Nigeria has opened discussions that could result to the setting up of her first-ever waste-to-power plant, with a private investment group led by Strancton Limited, OGN has learnt.
Discussions on this, OGN understands, were recently held in Abuja between Stracton and several government agencies including the Nigerian National Petroleum Corporation (NNPC), Central Bank of Nigeria (CBN), Ministries of Power and Environment, as well as Nigeria Investment Promotion Commission (NIPC).
If discussions sail through, the plant could become Africa’s second large scale waste-to-power plant, the first being that of New Horizons Energy in Athlone, Cape Town South Africa.
Shortly after the meeting with the government, Chief Executive of Strancton, Edozie Njoku, stated that the plan was to convert Nigeria’s huge waste into power for economic development.
Edozie said the company’s research on Nigeria’s waste deposits indicate it would be sustainable to run a waste-to-power plant. He noted that countries in Europe have developed and were maximizing the technology to power homes and offices.
He said he made a presentation to power ministry in 2016, and it was agreed that relevant stakeholders in the sector should converge to explore the potentials.
According to him, the meeting was a follow up to the 2016 agreement and initiation of advance action plans for the convergence of an international investment seminar on waste-to-power in Nigeria expected to hold in June 2017.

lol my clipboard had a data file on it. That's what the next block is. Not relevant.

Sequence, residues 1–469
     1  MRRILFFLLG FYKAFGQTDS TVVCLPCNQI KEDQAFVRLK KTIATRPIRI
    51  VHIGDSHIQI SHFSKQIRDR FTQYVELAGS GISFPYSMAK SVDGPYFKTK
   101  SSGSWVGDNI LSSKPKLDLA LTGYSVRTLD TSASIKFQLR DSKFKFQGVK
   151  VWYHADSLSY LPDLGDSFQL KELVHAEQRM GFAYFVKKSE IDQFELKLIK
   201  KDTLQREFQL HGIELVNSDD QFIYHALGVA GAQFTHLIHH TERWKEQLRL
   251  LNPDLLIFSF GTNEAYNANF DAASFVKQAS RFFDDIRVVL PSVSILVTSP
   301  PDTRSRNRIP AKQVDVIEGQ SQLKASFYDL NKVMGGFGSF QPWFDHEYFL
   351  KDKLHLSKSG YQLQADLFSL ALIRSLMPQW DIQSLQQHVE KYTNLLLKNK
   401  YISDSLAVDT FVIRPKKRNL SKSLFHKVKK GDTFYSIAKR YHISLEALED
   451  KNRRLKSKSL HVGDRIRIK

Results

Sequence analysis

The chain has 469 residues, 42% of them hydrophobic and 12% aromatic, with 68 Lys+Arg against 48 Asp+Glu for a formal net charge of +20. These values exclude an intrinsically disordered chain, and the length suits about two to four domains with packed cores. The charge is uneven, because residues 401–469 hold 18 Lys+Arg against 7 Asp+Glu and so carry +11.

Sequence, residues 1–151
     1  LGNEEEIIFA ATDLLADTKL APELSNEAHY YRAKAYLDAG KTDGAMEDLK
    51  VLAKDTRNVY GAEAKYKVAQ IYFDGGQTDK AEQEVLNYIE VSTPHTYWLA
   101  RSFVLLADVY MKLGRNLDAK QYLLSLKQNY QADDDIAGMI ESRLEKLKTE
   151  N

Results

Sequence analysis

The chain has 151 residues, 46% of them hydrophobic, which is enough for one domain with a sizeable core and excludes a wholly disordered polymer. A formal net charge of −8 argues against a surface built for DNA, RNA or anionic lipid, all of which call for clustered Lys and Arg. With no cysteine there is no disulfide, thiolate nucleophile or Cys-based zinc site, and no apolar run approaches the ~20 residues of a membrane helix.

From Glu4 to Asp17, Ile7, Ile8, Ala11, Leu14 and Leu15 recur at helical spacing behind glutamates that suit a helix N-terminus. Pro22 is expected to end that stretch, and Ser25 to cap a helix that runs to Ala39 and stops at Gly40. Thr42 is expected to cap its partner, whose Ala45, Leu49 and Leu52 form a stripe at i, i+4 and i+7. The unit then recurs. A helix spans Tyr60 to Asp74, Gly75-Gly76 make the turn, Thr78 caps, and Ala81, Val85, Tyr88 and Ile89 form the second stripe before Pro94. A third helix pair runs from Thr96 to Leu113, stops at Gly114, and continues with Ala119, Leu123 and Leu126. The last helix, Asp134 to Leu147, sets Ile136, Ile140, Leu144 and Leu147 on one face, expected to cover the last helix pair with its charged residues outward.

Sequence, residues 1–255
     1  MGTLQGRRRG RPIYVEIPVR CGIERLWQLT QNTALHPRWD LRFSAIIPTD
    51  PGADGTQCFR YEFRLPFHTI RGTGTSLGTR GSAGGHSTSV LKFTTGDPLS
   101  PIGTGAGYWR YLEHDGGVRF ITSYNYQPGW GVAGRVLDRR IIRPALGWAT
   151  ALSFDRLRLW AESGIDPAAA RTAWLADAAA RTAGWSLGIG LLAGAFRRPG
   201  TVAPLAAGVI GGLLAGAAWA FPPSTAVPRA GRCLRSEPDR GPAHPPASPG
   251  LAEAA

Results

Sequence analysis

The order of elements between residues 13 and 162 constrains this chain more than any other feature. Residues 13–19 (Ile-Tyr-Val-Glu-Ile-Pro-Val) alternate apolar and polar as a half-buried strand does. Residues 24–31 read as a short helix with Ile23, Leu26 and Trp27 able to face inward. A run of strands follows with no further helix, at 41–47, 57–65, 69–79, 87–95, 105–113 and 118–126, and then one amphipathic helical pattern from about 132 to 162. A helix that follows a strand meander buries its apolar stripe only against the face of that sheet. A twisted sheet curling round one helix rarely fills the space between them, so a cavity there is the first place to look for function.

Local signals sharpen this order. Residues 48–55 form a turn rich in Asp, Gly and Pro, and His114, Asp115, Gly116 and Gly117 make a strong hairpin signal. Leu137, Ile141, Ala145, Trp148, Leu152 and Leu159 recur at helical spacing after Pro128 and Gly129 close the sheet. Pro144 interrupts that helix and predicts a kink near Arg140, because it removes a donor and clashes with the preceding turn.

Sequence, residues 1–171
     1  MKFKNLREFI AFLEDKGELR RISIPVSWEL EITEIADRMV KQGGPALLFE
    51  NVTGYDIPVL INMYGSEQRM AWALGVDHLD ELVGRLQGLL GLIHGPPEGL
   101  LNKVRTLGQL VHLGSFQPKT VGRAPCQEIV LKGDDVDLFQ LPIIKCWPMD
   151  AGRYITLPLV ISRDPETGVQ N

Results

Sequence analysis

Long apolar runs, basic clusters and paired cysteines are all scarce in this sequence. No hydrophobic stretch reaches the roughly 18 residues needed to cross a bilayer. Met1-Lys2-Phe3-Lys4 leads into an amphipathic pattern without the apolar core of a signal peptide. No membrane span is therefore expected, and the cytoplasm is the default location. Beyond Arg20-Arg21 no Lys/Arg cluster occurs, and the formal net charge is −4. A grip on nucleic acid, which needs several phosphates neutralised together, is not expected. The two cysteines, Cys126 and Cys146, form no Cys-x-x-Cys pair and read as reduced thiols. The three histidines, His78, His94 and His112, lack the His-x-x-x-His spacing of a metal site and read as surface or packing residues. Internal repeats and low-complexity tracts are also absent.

The seminar, he noted would bring investors and project contractors to further assess and invest in waste-to-power in Nigeria, while Strancton advances its project plans with its foreign development partners comprising Inter Engineering and Solventure GmbH (Ltd) of Germany.
Edozie, however did not disclose the template for the plant, as well as its possible site, but said that modalities on these were being worked out.
“The raw materials – Municipal Solid Waste (MSW) are everywhere in Nigeria. The technology we are deploying also produces fertilisers as waste product which is another value addition for us,” Edozie said, adding that a couple of government’s agencies have approached it for further discussion on deployment of standalone off grid waste-to-power systems for them.
Cities in Nigeria face significant difficulties related to management, collection and disposal of Municipal Solid Waste (MSW), and this is following their increasing sizes and population with poor infrastructure development.